The reverse is that you can let yourself doubt a book's potential and wind up not booking enough promotions for it, which I have also done. There's a kind of magical, invisible speed limit a book has to cross to have enough momentum to keep coasting on its own. In more literal terms, a book has to sell a certain amount of copies per day for a certain number of days in a row to start getting favored by Amazon's suggestion engine. That's part of the reason advertising is so important. If you don't essentially pay for people to see your book (and hopefully buy it), you'll seriously struggle to get enough sales for your book to even start popping up for people who might be interested in buying it.

Major tangent there... The point is, I find myself having to fight the urge to be conservative with this book. My last two or three books were kind of the former case, where I invested more than I should have and ended up with lackluster financial results--the kind of financial results that make me afraid for my ability to keep doing this as a career.

I'm trying to keep reminding myself that I've had lows before and come out of them. After The Bodyguard bombed and my finances were looking frighteningly tight, I knew I was going to have to close up shop if my next book didn't do well, but it did. After Miss Matchmaker, I was feeling extremely hopeless and defeated, but then Knocked Up by the Dom hit rank 8 and got me on the USA Today Bestsellers list.

Whether Baby for the Brute is a success or not, I'll have to keep trying and keep asking myself what I could be doing better, because every time I've dug myself out of a low point seems to have been after I've had a sort of epiphany and changed my strategy to some extent.

Here's to hoping this book *is* the recovery book, and not the one I'll be remembering as one of my all-time lows.

Side note: It's not reader's fault or writer's fault, but I really hate how in indie publishing, the deciding factor on whether a book explodes with popularity or not isn't what's between the covers in 99% of cases. It's the cover, the blurb, the title, and the timing of promotions. When I talk about whether my book will do well like it's a lottery, it's not because I'm not confident in the book itself. It's because I don't pretend that my books are better than anyone else's. They're different, and they're my style, but I know there's a ton of competition and a ton of other great books coming out every day. That means the only way I get to enjoy more success than the competition is if the packaging of my book draws more people in than their packaging. It's unfortunately a marketing game in the short term. I just have to hope that bringing consistent quality will gradually build up a kind of loyal reader base that might eventually break me free of the month-to-month fear of not knowing if I can earn enough to survive doing this.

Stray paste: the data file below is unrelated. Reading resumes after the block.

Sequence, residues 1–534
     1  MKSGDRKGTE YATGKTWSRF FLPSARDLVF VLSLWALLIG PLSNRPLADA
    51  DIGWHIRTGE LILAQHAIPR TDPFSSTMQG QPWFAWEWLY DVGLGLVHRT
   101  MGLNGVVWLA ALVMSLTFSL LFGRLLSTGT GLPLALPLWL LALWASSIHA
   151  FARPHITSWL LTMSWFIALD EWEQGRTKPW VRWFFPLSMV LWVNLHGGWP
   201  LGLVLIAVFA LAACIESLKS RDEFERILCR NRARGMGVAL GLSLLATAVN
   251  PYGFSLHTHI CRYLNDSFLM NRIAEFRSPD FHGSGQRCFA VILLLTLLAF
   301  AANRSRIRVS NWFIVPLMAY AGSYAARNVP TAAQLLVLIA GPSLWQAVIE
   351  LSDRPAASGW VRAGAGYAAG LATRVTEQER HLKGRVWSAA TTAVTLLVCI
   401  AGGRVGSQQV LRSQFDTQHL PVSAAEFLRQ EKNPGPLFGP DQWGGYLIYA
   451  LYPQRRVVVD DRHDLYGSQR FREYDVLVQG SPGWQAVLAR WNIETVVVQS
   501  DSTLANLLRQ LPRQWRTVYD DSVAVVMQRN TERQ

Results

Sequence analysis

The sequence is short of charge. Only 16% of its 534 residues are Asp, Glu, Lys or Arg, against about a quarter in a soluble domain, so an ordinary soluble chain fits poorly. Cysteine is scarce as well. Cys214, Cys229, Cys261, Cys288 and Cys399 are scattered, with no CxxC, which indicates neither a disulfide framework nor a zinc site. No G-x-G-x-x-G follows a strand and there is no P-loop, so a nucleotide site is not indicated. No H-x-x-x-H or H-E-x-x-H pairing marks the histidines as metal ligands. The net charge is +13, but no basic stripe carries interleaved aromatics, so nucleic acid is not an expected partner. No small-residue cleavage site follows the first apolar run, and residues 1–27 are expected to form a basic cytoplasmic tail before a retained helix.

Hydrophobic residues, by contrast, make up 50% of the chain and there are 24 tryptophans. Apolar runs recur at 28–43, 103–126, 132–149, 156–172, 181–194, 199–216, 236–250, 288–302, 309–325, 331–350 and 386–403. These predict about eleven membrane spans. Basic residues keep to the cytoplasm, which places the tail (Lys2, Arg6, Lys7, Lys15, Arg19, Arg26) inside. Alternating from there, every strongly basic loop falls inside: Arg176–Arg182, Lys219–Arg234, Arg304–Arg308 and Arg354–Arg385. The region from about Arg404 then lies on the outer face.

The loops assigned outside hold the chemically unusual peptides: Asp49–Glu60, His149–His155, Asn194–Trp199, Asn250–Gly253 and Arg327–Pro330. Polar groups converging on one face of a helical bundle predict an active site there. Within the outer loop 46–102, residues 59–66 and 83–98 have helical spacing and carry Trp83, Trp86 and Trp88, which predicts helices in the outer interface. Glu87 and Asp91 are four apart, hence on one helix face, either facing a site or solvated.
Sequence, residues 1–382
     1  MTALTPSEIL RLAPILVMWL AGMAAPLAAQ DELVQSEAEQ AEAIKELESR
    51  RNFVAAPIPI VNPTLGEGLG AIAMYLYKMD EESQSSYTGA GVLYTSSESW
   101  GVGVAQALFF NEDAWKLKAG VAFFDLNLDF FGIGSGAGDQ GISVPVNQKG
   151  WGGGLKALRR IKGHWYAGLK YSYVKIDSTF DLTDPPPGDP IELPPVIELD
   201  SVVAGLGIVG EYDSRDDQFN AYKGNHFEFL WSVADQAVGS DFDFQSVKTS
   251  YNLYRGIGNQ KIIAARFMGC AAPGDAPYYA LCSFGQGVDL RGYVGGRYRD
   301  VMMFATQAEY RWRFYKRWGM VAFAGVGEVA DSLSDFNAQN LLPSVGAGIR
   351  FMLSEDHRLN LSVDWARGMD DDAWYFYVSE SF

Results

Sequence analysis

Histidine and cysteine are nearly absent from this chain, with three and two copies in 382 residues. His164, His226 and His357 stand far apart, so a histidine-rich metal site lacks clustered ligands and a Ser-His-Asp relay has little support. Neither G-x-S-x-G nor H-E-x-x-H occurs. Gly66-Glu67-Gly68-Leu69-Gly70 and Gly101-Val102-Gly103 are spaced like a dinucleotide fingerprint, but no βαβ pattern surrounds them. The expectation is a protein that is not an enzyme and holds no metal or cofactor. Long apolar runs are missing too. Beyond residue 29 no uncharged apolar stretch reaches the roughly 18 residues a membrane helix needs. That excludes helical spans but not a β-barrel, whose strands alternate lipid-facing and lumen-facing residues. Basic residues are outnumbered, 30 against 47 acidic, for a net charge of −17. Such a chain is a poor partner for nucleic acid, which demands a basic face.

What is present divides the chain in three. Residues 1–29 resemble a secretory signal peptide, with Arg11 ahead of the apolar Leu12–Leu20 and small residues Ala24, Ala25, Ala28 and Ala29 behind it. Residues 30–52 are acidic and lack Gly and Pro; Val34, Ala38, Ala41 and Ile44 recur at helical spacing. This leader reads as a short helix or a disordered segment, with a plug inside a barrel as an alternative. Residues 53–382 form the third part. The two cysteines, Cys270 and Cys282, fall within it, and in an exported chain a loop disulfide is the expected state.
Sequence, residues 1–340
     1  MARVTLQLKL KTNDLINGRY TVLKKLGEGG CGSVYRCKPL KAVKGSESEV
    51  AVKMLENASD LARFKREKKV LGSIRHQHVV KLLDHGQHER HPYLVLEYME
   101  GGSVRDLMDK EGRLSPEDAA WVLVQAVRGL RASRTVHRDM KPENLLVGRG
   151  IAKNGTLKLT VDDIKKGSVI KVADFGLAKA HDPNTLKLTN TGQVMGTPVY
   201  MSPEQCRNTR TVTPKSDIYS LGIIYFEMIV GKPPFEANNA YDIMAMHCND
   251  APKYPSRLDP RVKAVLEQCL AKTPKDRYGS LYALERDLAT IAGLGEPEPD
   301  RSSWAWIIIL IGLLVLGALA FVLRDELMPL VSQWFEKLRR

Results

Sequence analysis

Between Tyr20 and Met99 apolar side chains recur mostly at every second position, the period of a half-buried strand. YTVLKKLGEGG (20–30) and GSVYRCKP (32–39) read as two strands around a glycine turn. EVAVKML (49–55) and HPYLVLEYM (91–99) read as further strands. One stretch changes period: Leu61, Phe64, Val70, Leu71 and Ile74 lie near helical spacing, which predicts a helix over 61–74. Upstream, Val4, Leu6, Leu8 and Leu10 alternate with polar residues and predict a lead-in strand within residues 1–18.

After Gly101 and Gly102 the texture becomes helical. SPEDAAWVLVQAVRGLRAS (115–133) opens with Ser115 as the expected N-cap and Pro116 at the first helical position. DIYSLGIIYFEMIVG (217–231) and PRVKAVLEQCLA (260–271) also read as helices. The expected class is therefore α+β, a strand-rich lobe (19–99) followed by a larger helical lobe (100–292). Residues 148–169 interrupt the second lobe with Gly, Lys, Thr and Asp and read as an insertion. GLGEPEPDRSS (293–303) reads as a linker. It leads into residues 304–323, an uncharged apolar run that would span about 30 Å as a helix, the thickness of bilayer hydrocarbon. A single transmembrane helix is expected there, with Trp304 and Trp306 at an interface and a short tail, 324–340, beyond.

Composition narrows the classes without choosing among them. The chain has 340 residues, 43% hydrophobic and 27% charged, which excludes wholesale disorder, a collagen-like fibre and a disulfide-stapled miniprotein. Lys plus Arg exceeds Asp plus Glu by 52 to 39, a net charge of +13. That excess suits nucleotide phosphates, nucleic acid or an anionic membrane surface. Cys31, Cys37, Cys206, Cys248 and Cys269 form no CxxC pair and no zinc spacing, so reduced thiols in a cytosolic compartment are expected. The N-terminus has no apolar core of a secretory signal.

Whew! "Behind Baby for the Brute" turned into a financial discussion, but I guess that's where my head is right now, so... Wish me luck!

#behindthebook

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Penelope Bloom, USA Today, Washington Post, and Amazon top 5 Bestselling Contemporary Romance Author.